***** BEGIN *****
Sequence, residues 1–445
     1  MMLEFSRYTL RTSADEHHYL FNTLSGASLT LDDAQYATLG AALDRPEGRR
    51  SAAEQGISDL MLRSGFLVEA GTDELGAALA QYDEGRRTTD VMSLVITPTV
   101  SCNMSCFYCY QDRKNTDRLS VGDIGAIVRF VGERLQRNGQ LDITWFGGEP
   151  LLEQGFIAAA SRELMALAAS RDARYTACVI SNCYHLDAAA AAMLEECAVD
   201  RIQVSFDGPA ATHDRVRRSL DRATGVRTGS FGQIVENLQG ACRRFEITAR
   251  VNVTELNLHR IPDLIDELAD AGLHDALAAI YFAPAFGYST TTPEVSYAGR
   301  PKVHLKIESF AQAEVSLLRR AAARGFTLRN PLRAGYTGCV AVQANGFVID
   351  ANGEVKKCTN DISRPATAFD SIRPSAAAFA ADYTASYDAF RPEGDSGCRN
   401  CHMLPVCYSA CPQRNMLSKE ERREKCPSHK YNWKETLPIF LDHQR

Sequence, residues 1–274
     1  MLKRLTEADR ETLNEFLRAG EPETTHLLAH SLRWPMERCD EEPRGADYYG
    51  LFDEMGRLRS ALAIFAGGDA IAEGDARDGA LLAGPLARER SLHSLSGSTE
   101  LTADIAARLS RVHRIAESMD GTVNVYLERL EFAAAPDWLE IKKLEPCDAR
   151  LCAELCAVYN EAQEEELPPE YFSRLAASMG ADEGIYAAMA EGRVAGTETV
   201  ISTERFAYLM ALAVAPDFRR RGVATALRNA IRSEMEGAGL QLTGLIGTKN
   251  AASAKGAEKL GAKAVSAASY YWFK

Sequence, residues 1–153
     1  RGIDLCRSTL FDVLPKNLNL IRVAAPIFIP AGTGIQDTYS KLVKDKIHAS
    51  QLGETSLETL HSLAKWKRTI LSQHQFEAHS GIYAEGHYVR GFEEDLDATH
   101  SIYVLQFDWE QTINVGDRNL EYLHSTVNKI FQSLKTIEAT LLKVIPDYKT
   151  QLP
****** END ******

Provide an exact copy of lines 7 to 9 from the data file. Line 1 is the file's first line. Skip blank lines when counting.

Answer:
   251  VNVTELNLHR IPDLIDELAD AGLHDALAAI YFAPAFGYST TTPEVSYAGR
   301  PKVHLKIESF AQAEVSLLRR AAARGFTLRN PLRAGYTGCV AVQANGFVID
   351  ANGEVKKCTN DISRPATAFD SIRPSAAAFA ADYTASYDAF RPEGDSGCRN